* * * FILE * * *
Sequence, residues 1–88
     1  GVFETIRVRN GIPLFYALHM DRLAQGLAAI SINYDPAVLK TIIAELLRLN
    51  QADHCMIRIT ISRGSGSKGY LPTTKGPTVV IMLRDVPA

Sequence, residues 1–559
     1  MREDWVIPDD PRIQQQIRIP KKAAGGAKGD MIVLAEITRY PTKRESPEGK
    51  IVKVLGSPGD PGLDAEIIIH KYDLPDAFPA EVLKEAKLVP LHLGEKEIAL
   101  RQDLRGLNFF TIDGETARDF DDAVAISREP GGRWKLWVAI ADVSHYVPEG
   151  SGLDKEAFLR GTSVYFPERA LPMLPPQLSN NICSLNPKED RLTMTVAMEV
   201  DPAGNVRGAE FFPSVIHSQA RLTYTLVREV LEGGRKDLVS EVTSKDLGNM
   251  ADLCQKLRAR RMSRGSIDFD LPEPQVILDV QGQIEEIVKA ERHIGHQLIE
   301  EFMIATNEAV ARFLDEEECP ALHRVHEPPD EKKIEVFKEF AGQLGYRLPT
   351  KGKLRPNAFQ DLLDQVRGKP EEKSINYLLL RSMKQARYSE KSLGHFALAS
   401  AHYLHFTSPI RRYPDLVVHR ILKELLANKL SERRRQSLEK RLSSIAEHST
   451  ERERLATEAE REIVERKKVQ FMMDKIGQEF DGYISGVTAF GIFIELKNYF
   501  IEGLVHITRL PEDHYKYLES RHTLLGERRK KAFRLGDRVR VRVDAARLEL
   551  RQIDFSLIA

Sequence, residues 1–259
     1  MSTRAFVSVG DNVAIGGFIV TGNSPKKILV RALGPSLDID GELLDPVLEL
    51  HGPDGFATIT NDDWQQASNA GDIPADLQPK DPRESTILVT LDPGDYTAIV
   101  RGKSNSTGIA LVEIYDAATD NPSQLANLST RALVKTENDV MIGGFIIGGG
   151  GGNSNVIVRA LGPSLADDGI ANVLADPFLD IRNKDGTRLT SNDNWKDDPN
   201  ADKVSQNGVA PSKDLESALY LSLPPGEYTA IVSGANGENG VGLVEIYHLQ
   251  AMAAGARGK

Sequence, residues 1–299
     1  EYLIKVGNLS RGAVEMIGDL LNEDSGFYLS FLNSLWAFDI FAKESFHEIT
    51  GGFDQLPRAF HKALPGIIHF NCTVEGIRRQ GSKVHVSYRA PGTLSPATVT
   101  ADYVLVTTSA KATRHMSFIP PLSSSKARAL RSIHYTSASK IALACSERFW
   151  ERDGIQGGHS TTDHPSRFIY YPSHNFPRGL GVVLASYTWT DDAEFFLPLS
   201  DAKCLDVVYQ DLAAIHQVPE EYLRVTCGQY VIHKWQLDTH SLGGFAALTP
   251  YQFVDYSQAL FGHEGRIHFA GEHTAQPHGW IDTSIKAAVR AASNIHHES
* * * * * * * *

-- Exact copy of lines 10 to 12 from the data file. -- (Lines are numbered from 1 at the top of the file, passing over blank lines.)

   251  ADLCQKLRAR RMSRGSIDFD LPEPQVILDV QGQIEEIVKA ERHIGHQLIE
   301  EFMIATNEAV ARFLDEEECP ALHRVHEPPD EKKIEVFKEF AGQLGYRLPT
   351  KGKLRPNAFQ DLLDQVRGKP EEKSINYLLL RSMKQARYSE KSLGHFALAS